• If even Microsoft's own apps aren't UWP, why would anyone else bother with UWP? They don't even support their own platforms. No wonder they never catch on.
  • Office Mobile is UWP. What's your point?
  • My point is obvious, I more than made it in the OP. Some quick back story though: The U stands for UNIVERSAL. If you have to have two completely separate apps, then that isn't very universal is it? Microsoft touts the benefits of their "Universal" platform then doesn't lead by example. Office is probably Microsoft's most important program so they should be putting their money where their mouth is. Office should be a fully universal app at this point that scales according to device and input. Again, why should anyone else use UWP when even Microsoft doesn't fully utilize it? Was my point not obvious the first time?
  • No. Even they won't be able to re write a 30 year old program in three years of Windows 10
  • And why should they? There is no target market for it. Office Mobile is pretty functional by now.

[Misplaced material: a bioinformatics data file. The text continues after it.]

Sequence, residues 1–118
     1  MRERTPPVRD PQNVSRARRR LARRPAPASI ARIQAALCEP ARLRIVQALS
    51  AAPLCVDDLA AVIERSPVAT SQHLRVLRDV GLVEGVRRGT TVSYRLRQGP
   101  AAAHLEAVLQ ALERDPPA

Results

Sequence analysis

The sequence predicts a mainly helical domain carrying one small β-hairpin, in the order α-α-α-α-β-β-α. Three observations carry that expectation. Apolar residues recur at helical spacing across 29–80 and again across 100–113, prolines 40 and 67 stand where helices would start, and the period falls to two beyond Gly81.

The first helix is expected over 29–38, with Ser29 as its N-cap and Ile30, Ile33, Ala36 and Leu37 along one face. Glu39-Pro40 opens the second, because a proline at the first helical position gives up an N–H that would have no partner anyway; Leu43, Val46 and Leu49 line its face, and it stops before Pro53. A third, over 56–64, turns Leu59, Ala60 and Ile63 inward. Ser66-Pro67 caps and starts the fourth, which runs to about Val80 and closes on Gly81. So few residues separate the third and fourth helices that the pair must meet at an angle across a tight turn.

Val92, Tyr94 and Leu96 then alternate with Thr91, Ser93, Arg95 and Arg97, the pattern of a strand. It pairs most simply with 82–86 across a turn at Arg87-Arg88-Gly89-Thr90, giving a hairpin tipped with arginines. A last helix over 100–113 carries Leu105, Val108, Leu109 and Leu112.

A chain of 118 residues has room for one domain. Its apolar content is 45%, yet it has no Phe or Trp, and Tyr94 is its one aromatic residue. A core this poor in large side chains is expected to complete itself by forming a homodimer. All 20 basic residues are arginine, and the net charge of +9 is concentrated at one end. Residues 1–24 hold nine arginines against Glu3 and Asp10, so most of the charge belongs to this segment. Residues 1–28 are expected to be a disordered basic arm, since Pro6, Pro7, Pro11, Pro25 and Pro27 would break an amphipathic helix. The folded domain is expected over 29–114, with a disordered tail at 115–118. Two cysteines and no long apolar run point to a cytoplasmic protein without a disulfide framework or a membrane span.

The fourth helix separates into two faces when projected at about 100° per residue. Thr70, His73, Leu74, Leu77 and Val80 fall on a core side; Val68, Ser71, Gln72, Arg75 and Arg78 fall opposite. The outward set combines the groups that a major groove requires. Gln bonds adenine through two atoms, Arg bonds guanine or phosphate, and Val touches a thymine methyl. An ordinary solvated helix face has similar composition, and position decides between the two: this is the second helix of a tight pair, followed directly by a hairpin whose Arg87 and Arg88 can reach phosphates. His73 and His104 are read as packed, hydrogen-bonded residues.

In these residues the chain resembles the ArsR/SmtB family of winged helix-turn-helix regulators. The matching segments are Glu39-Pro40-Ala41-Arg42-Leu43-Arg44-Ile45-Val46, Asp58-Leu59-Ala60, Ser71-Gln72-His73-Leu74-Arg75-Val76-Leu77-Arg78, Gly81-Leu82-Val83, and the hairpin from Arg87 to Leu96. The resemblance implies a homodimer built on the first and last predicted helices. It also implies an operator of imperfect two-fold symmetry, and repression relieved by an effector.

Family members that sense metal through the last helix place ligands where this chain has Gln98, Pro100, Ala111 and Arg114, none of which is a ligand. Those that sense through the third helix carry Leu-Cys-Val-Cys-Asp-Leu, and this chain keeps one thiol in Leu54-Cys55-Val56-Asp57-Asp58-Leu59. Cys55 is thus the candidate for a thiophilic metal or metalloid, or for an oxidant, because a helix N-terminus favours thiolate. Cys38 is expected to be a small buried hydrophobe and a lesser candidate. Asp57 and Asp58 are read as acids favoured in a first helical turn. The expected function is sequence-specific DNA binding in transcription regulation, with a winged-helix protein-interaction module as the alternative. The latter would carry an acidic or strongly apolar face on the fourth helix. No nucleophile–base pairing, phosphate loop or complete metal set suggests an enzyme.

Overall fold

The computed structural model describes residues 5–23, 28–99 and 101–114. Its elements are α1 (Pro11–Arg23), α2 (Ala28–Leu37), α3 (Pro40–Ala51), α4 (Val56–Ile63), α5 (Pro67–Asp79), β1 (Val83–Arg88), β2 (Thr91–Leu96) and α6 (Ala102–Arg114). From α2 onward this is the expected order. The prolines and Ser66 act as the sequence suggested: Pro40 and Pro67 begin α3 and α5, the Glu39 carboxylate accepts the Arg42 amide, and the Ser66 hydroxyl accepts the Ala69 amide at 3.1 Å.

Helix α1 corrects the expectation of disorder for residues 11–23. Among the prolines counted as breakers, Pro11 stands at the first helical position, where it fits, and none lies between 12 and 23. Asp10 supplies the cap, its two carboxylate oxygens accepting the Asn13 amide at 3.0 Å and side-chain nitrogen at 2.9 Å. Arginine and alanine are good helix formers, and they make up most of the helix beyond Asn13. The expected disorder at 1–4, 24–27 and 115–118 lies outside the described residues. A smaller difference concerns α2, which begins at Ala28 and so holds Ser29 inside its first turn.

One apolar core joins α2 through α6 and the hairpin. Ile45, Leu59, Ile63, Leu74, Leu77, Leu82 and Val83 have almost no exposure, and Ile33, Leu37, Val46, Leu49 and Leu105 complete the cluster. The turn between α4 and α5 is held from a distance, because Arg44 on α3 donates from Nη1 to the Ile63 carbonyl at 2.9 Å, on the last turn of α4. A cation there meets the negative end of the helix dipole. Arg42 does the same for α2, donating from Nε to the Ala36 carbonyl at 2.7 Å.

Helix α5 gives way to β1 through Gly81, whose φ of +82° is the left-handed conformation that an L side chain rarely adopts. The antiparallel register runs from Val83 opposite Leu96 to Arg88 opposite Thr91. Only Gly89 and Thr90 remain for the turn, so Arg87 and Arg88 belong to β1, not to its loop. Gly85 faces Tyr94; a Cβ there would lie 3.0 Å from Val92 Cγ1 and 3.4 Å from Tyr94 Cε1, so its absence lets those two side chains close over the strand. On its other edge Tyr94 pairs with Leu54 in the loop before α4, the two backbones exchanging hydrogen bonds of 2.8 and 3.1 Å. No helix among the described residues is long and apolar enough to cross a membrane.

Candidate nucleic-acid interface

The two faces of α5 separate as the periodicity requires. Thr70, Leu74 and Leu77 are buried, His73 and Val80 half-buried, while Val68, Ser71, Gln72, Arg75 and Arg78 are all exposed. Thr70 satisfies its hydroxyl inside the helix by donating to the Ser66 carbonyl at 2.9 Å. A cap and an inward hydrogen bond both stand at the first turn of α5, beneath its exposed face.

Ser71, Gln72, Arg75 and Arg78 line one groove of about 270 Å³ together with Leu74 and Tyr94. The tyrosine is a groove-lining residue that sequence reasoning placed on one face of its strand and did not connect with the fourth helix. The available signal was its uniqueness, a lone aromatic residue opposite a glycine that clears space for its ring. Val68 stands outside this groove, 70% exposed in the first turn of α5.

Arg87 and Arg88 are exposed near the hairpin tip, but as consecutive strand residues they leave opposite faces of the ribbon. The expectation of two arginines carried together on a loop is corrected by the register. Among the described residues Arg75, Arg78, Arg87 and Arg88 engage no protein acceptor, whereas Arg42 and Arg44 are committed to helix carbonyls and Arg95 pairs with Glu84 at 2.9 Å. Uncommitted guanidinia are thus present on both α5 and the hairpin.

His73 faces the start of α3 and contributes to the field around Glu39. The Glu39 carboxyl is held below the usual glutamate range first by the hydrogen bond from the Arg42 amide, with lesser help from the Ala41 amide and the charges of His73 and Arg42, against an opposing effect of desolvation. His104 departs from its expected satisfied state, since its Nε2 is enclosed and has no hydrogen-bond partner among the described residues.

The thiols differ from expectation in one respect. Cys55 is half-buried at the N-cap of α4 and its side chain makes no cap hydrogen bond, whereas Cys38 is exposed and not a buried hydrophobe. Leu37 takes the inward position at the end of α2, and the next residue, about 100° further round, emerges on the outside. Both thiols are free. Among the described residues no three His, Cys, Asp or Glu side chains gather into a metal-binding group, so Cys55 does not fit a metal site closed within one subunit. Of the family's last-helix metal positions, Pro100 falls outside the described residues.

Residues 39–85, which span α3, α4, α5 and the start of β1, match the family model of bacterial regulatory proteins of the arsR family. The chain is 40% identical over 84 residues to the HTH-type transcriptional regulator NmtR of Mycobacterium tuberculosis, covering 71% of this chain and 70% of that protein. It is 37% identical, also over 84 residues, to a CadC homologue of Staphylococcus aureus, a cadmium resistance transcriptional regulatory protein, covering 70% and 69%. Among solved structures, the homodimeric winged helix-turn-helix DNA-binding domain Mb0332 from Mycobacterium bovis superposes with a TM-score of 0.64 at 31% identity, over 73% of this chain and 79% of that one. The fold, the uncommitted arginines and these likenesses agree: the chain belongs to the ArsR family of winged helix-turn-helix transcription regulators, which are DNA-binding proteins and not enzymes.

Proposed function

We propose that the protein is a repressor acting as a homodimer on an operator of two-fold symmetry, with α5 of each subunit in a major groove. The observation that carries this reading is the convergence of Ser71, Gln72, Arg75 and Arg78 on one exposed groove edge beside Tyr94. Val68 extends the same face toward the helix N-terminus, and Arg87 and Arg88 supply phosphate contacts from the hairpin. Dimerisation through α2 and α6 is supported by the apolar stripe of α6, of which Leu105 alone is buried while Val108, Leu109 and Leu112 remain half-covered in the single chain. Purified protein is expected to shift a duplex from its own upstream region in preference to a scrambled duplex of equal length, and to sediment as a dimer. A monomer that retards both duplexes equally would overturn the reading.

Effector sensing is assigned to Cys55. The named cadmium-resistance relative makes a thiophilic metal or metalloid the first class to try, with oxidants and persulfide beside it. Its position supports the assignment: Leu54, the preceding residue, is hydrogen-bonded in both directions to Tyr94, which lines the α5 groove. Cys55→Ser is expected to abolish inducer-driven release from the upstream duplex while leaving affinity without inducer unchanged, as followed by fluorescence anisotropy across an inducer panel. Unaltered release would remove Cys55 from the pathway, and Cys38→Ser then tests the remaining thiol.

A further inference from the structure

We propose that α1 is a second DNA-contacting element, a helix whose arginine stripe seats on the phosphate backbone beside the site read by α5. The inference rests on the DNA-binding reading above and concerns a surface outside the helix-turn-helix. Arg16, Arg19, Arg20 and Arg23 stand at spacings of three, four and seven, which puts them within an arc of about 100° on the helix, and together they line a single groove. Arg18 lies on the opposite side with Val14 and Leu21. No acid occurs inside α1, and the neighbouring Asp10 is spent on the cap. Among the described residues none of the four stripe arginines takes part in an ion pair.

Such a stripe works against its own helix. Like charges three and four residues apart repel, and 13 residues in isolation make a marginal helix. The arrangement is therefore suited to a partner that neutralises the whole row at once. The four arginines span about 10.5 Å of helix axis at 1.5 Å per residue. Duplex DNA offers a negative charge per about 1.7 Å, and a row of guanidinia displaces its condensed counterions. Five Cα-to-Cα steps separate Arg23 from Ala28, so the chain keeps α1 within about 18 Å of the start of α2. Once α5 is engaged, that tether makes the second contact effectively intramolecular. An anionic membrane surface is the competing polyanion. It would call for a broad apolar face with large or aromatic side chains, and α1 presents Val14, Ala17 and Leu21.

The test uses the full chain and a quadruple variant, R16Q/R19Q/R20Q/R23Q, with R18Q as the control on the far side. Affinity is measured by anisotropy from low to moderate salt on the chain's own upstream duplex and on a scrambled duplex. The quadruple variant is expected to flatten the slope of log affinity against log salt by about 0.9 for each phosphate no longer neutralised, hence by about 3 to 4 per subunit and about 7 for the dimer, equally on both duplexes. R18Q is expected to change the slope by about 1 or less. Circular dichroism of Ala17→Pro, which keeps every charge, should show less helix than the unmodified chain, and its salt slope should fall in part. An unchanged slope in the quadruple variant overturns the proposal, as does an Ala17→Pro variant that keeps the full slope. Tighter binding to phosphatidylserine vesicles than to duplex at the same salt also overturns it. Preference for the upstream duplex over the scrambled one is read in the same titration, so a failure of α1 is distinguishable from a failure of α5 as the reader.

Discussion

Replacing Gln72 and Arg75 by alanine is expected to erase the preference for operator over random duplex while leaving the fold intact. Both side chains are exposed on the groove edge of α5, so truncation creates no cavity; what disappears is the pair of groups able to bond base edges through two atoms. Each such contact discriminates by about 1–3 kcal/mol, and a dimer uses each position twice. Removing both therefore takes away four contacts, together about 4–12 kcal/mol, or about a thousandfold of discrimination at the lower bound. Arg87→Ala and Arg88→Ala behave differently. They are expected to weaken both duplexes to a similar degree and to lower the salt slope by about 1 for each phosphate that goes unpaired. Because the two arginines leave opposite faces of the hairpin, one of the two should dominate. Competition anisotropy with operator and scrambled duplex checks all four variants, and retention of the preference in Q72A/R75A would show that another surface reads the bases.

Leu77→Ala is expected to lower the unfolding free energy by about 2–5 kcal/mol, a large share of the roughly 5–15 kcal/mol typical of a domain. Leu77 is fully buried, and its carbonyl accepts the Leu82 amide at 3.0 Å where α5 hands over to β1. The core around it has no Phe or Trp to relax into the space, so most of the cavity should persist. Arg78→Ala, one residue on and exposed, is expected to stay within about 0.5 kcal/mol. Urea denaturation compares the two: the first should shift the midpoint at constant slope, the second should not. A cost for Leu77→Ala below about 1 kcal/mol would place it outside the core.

• I didn't say they should now did i?
  • Oh no, I was agreeing with you. Sorry, I see how that wasn't clear.
  • They are leading by example. They're continuing to build Office Mobile and add features to it from Office Desktop. Do you know how long it takes to rewrite a 30-year-old software suite? And how many features people rely on that are not yet possible in UWP? And for what? Proving something to a very small subset of their developers? Come on.
  • Exactly. UWP sucks. It isn't powerful enough for a fully functional desktop program and mobile isn't worth targeting. Why does Microsoft continue to waste their time on a pointless and inferior platform?
  • UWA is fine. You can't look at a massive enterprise-scale software suite as the measure of an app container. They have very different requirements. Most software is not 30 years old or as big as the Office suite. By the way, you're thinking of UWA. UWP is perfectly capable of running Office, as this release prices.